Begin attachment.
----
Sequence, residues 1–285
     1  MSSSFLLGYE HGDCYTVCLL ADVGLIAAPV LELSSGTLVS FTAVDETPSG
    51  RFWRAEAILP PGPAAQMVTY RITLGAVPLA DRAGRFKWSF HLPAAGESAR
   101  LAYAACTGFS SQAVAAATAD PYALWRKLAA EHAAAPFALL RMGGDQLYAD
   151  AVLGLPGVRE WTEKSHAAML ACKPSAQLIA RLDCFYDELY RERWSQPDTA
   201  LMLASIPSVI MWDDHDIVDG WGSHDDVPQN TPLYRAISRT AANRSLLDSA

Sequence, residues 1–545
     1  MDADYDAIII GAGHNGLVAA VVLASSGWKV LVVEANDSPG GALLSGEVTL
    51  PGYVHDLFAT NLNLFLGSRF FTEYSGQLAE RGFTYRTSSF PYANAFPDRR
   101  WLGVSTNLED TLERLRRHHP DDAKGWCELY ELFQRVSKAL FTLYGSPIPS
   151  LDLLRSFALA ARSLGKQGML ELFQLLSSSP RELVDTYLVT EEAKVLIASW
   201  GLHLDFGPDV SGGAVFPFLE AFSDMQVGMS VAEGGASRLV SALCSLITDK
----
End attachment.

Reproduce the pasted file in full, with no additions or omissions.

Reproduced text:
Sequence, residues 1–285
     1  MSSSFLLGYE HGDCYTVCLL ADVGLIAAPV LELSSGTLVS FTAVDETPSG
    51  RFWRAEAILP PGPAAQMVTY RITLGAVPLA DRAGRFKWSF HLPAAGESAR
   101  LAYAACTGFS SQAVAAATAD PYALWRKLAA EHAAAPFALL RMGGDQLYAD
   151  AVLGLPGVRE WTEKSHAAML ACKPSAQLIA RLDCFYDELY RERWSQPDTA
   201  LMLASIPSVI MWDDHDIVDG WGSHDDVPQN TPLYRAISRT AANRSLLDSA

Sequence, residues 1–545
     1  MDADYDAIII GAGHNGLVAA VVLASSGWKV LVVEANDSPG GALLSGEVTL
    51  PGYVHDLFAT NLNLFLGSRF FTEYSGQLAE RGFTYRTSSF PYANAFPDRR
   101  WLGVSTNLED TLERLRRHHP DDAKGWCELY ELFQRVSKAL FTLYGSPIPS
   151  LDLLRSFALA ARSLGKQGML ELFQLLSSSP RELVDTYLVT EEAKVLIASW
   201  GLHLDFGPDV SGGAVFPFLE AFSDMQVGMS VAEGGASRLV SALCSLITDK